You are here

Penzance, July 2003

Submitted by admin on Wed, 03/07/2012 - 11:22

Poor cod swim around some sort of winch
I booked the Dive Sights boat to go diving in West Cornwall. The skipper's wife runs a B&B in Rosudgeon, so we stayed there. At £600, the boat was quite a bit cheaper than some others, so I decided to just book 10 of us on it to give us room with our twinsets and all the assorted other junk that accompanies most UKRS dives. As seems to be happening quite a lot this year, 3 people pulled out at the last minute. Still it left more room for the rest of us.

The boat launches out of Penzance. We drove along the pier almost to the steps, so loading up wasn't too bad. It didn't help that it was absolutely pouring with rain. There's a big car park by the pier, and we were able to park there all day for £2.60. It made a nice change not to be ripped off Weymouth-style.

The boat is called Siteseeker and is a 38 foot Interceptor. It is fitted with a tail lift, so no need to struggle up a ladder. With 7 of us, there was loads of room. 10 would have been OK. I think 12 twinsets would have been pushing it. Plus a couple of us had brought stage bottles along too. The first dive was to be the wreck of the Heidrun, though it was previously thought to be the wreck of the Ibis. For more details, there's a Divernet article on the wreck.

Apart from the rain, conditions were good. There was a slight swell, which you expect in this part of the world, but winds were light. The wreck is permanently buoyed and it took less than an hour to get out there. Getting ready, we had loads of space because only 5 of us got in the water. Both of the rebreather divers gave the dive a miss for different reasons.

Shark! OK, it's a dogfish, but it's a member of the shark family
Descending down the line, it was obvious that the viz was excellent. I estimated that it was around 15m. The shotline takes you down to the boilers, then there is a lot of wreckage scattered around. It's quite flat, with lots of ribs flat on the sand. The long prop shaft is visible and the prop is still on the end. It has four blades, one sticking up vertically, two flat with the sea bed and one completely buried. There was a fair aount of fish life with some large bib and plenty of cuckoo wrasse. Our maximum depth was 33.3m and we left the bottom at 32 minutes giving us a fair amount of deco. We only had 26% nitrox because we weren't sure what the first dive was going to be. So the total dive time was 63 minutes. Water temperature was 15°C.

The second dive was Low Lee Reef. The local BSAC club had laid a nature trail around it, though it proved to be broken in a couple of places and we soon went off it. There was a small wreck at the bottom which was the SS Primrose which sank in 1906. We soon came off the wreck and swam around the rocks. There was plenty of life with lots of ballan wrasse, cuckoo wrasse, rock cooks and spider crabs. The shallower rocks had kelp on them, but were covered in dead man's fingers deeper. It was a enjoyable little bimble and we were down for 49 minutes at a max depth of 20.8m.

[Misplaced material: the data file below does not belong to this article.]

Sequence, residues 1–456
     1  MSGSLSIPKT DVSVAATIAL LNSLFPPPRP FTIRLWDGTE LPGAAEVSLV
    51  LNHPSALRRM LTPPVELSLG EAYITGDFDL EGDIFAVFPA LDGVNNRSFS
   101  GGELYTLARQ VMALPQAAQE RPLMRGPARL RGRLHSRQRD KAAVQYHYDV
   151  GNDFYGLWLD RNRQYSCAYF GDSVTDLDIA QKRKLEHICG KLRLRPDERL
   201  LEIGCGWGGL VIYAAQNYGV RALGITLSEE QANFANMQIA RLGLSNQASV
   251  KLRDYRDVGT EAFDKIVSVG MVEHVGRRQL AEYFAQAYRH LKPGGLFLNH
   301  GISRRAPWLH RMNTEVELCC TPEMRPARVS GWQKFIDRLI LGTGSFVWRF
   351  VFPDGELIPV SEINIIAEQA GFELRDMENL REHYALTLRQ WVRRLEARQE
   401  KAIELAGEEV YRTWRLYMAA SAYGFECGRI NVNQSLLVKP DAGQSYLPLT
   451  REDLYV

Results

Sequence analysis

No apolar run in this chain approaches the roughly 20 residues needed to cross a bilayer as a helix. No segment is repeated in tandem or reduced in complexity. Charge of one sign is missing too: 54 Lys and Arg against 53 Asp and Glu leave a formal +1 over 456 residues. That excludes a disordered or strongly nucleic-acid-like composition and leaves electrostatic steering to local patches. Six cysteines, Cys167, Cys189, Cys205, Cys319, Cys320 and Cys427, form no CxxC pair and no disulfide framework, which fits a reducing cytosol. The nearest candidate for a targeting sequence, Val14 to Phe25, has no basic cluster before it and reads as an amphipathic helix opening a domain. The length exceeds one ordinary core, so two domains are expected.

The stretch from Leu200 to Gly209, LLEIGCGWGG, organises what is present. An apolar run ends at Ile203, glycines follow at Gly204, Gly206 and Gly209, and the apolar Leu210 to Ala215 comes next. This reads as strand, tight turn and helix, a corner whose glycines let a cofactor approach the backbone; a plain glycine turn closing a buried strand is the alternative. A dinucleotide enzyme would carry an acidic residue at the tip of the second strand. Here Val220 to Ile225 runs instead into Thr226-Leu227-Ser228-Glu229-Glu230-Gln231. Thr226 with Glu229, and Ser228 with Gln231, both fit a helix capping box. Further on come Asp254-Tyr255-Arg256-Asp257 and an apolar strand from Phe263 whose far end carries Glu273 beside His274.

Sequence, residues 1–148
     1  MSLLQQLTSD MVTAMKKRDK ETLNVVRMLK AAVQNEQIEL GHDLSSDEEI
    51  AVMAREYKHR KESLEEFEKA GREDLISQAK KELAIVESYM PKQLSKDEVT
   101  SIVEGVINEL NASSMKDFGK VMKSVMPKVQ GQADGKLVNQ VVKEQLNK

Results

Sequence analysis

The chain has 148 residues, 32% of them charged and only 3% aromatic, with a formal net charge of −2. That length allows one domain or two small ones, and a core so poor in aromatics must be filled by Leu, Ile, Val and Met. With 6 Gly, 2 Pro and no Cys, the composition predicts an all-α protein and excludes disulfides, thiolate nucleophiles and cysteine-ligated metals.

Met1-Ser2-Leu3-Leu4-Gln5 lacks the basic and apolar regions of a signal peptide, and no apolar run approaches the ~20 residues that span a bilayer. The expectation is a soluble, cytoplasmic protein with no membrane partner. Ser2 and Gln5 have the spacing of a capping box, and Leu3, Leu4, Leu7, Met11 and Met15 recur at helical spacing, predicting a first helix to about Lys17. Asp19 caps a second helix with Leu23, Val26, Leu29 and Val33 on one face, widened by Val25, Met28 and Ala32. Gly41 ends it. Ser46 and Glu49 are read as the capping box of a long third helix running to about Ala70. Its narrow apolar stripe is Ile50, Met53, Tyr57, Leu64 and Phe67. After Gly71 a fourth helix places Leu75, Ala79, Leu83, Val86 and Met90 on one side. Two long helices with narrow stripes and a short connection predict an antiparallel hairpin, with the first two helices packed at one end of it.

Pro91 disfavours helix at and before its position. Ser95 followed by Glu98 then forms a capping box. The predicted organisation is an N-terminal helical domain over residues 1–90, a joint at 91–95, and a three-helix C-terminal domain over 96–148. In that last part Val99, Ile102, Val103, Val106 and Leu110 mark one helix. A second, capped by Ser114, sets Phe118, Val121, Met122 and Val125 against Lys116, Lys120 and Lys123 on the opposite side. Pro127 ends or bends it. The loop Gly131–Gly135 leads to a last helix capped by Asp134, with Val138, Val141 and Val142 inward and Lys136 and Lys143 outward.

The next morning we were to dive the Hellopes. This was a 2774 ton steamship which sank on the way to be scrapped in 1911. This time we had the right mix. I had 30% in my tanks and also took along a stage of 80% because I wanted to use it up. I don't believe in throwing away gas I've paid for. The weather forecast had been a little worse, but the sea was even flatter than the previous day, and it wasn't raining.

Sea cucumber on a yellow sponge
The viz was good again, probably about 12m. Going down the permanent shotline, we came to a large section with a hatch in the top. I had a good peer inside the hole and then headed towards the stern section. The remains of the prop were still there, and there was a nice big hole to have a long inside. The wreck appears to be quite twisted. The stern was almost upside down, but the area near the shotline was lying on the port side. After the stern, we zigzagged our way towards the bows. There were lots of sea fans covering the plates plus a few wrasse and bib. After 33 minutes at a maximum depth of 34.7m, it was time to go up and we hadn't made it to the bows. Again our dive time was just over an hour mainly because we cleared a dive computer running on bottom mix. I did about 20 minutes extra stops. Nothing like being safe, is there?

For lunch we holed up in Lamorna Cove and the sun came out.. The second dive was on a reef called Stanock. The top was in about 15m and most of the dive was spent at around 20m, though we got down to 24m at one point. There was the usual selection of wrasse, dog fish, urchins and sponges. The viz was around the 6m mark and our dive time was 47 minutes.

I had been thinking about staying down on Monday. There were spaces on the Pamela P, another boat also fitted with a lift, but the weather forecast was force 6/7 and the wind had started to pick up a little. So I drove home. It had been one of the better diving weekends of the year and I think we'll be back in 2004.